Answer. I was sent to Columbia, South-Caro- Question. How did you sleep before you relina, where we were kept about two months, and ceived those blankets? then we were sent to Richmond, put on Belle Answer. We used to get together just as close Isle, and staid there the remainder of the time. as we could, and sleep spoon-fashion, so that

Question. How were you treated at Columbia ? when one turned over we all had to turn over.

Answer. I was treated a great deal better there Question. Did they furnish you any clothing than I was at Belle Isle. We got meat twice a while you were there? a day, rice once, and Indian bread once. We got Answer. No, sir; the rebs did not furnish us very near as much as we wanted to eat.

a bit. It was very warm weather when I was Question. How were you treated at Richmond ? taken prisoner, and I had nothing on me but my

Answer. I suffered there terribly with hunger. pants, shirt, gloves, shoes, stockings, and cap; I could eat any thing.

and I received no more clothing until our Gov. Question. Can you tell us what kind of food ernment sent us some in December, I think. you got there?

We had to lie right down on the cold ground. Answer. Dry Indian bread, and when I first Question. Did you not have a tent? went there, a very little meat.

Answer. I had none when I first went there, Question. When were you taken sick ?

After a while we had one, but it was a very poor Answer. I was taken sick-I was sick with the affair ; the rain would come right through it. diarrhoea a fortnight before I went to the hospi- Question. Were you exposed to the dew and tal, and I was in the hospital a little over a week rain, and wind and snow? before I was exchanged. I was released on the Answer. Yes, sir, seventh of March, and got here the ninth.

Question. And before you got the tent you lay Question. How were you treated while in the in the open air ? hospital?

| Answer. Yes, sir.

Question. How did the others there with you! Question. Could you eat it ? fare; the same as you did ?

Answer. No, sir. Answer. Many of them had money, with which The witness here was evidently so weak and they bought things of the guard ; but I had no exhausted that the Committee suspended his money.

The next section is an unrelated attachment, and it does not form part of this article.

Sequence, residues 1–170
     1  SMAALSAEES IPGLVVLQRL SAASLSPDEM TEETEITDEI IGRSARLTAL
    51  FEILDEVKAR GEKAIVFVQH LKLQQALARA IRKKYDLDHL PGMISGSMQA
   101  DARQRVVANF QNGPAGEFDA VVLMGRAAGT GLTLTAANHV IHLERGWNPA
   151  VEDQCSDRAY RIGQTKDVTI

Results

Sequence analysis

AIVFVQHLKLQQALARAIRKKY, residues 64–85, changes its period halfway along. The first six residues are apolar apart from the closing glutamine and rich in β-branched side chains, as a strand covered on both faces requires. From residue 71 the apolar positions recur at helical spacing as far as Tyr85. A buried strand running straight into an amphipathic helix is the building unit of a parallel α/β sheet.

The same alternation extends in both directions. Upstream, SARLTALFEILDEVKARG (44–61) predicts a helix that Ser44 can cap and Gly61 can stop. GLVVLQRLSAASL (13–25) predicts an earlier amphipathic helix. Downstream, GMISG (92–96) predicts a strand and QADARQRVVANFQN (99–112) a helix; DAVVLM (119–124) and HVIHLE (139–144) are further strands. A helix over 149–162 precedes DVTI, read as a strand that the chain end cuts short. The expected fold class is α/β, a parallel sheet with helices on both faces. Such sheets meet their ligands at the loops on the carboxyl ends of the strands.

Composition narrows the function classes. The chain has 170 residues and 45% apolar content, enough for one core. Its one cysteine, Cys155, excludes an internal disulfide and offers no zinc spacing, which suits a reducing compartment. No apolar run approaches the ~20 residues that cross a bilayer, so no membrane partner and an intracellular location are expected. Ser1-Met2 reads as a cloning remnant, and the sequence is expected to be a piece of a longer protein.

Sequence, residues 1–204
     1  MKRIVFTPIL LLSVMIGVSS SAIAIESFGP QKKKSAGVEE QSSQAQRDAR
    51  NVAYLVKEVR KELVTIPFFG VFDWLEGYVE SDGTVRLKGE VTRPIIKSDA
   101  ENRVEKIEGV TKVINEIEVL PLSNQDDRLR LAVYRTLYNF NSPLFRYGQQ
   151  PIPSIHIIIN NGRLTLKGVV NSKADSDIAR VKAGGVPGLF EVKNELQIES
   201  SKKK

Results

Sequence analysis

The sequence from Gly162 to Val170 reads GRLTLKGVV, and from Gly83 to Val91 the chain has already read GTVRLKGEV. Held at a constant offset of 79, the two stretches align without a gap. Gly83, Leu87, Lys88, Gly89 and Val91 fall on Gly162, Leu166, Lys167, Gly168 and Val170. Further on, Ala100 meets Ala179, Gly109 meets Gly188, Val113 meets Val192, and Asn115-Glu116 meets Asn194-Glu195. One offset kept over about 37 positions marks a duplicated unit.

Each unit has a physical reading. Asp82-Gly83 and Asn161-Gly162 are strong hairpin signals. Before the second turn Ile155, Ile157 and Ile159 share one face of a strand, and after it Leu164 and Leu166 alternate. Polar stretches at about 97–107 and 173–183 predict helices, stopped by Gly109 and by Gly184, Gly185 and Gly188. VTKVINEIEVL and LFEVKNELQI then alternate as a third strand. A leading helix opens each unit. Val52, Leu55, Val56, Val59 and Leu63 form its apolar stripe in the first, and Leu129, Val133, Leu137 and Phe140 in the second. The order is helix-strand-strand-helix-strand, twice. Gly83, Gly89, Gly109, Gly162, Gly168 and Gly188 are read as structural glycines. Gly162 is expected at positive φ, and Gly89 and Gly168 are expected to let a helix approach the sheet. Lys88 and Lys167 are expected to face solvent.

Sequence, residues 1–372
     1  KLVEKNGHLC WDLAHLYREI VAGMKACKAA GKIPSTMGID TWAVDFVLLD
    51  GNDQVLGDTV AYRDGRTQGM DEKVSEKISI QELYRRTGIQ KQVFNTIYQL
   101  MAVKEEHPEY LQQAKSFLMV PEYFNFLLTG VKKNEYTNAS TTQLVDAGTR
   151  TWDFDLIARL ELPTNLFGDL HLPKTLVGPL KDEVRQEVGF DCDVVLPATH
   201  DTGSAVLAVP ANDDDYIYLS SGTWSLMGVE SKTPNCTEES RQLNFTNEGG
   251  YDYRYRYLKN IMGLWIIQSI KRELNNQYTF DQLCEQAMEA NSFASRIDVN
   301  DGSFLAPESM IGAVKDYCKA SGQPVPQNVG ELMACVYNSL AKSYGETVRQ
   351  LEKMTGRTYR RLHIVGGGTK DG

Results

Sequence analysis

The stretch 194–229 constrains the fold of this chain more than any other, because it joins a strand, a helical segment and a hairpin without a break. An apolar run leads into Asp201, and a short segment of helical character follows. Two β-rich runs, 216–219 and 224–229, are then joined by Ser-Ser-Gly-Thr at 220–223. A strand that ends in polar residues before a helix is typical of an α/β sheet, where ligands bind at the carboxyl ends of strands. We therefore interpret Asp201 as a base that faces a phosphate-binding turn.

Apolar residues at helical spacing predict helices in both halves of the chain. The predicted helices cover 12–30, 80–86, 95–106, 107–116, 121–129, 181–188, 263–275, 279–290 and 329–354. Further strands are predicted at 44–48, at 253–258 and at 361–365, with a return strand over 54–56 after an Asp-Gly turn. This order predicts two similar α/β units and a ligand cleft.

examination.] Question. Were there others there who had no

Mortimer F. Brown, sworn and examined. money?

By the Chairman :
Answer. Yes, sir.
Question. Did they fare the same as you ?

Question. Where are you from, and to what

company and regiment do you belong? Answer. Yes, sir.

1 Answer. I am from Steubenville, Ohio; I was Question. After you went into the hospital, did

"in the Second Ohio; Colonel McCook was our you receive the same treatment as their own sick

Colonel when I was taken prisoner. received who were in the hospital with you, or

Question. Where were you taken prisoner ? did they have any of their sick in there?

Answer. At Chickamauga. Answer. I think none of their sick were in there.

Question. Where were you then carried ? I suffered a great deal with hunger when I was

1 Answer. From Chickamauga to Richmond. on Belle Isle. When I first went there I had no

Question. How did you fare while in Richpassage of the bowels for eighteen days, and when I did have one it was just as dry as meal.

| Answer. We lived very scantily, and hardly Question. Did you have any medicine at that).

any thing to eat. Some of the boys, in order to time? Answer. No, sir; I took no medicine until I

get enough to live on, had to trade away what

clothing they could to the guard for bread, etc. went to the hospital. About the middle of last

Question. What did they allow you to eat ? February (somewhere about there) I took a very severe cold.

Answer. When we first went to Richmond It seemed to settle all over me. I

our rations were bacon and wheat-bread. We was as stiff in all my joints as I could be.

did very well at first, but they went on cutting Question. Did your strength decrease much

it down. before you were taken sick in February? Answer. Yes, sir; I stood it very well until

untill Question. How was it finally?

Answer. We received corn-bread once or twice about the first of February. After that I com